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Balance In Wine

Tuesday, November 14, 2006

Today I am beginning a series on balancing wine.  Since it tis the balance of acids and sugars that make a good wine great.  Maybe this will help all of us make great wine.  Anyways, I'm thinking that it will be about 6 or 7 posts and will include information on acids, pH, and sugar.   Some of the info will be from other websites because it is useful and well written.  No use re-writing a good article. To start the series off, I found a nice intro article from Cornell University.  It is a rather long post, so part of it will be on today and the other part will be posted on Thursday.

Balance in Wine
Peter Bell


This is a concept that on the surface seems very simple, but that turns out to be quite challenging. It is important to have some familiarity with what balance entails if you are to become a good wine taster.

Balance in wine refers to the interaction and harmony between two or more of the wine's constituents. By far the most straightforward balance is that between sugar and acidity. Not all wines, of course, have residual sugar, though all have some acidity. Sugar-acid balance is thus limited to wines which have an interplay between these two elements.

There is no accurate formula for calculating the perfect acid-sugar balance in a wine, despite the fact that there are some people who advance that very notion. In its simplest sense, a wine which has a good acid-sugar balance tastes neither too sweet nor too acidic: the sugar exists in the right quantity for the acid, and vice versa.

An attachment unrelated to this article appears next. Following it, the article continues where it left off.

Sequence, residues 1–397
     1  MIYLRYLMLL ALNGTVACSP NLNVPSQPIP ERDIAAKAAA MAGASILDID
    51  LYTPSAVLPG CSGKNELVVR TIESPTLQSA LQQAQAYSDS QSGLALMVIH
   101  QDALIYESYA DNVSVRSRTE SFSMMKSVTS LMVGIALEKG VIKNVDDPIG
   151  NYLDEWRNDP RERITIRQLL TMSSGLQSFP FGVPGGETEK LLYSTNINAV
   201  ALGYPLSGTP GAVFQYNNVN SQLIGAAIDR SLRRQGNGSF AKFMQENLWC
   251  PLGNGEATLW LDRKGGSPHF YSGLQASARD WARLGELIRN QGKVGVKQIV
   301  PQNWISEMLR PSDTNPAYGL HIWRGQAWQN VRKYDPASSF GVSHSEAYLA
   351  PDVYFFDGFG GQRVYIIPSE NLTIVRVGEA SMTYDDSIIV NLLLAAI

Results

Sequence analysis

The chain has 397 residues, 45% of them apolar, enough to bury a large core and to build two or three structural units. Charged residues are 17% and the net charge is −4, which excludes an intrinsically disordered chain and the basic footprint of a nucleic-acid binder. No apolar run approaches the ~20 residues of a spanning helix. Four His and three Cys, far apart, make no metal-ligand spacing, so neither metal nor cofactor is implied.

By extension, a wine which is out of balance has either too much acid or too much sugar. There are plenty of off-dry-to-sweet white wines on the market which are more or less out of balance. A wine with too little sugar for its acid will taste harsh, sharp and acidic; the evolution of flavors in the mouth will be interrupted by the sensation of acidity. A wine with too much sugar will taste cloying, sugary and flabby, and will not refresh the palate.

Some wines have too much sugar and acid. They are often the result of a winemaker trying to balance a high acid with additions of sugar. These wines don't work, because the other elements if the wine, especially 'extract', don't match the sugar and acid. Experienced tasters often describe such wines as having a 'sweet-tart' character.

The balance between astringency (tannins) and acidity in red wines is of paramount importance. French enologist Emile Peynaud, in his book The Taste of Wine, makes the following points:

    * the less tannic a wine is, the more acidity it can support
    * the higher a red wine is in tannins, the lower should be its acidity
    * the combination of high acid and high tannins make for the hardest and most astringent wines

Another important balance is that between alcohol on the one hand, and acidity and astringency on the other. This is obviously most relevant to red wines. Too little alcohol will cause the acidity and astringency to dominate, making the wine harsh and thin. Too little acid and astringency will cause a wine to taste overly soft, heavy and flabby, with the spirity quality of the alcohol playing too much of a role. Back to Emile Peynaud:

    * a wine tolerates acidity better when its alcohol content is higher
    * a considerable amount of tannin is more acceptable if acidity is low and alcohol is high
Second Part on Thursday's post.

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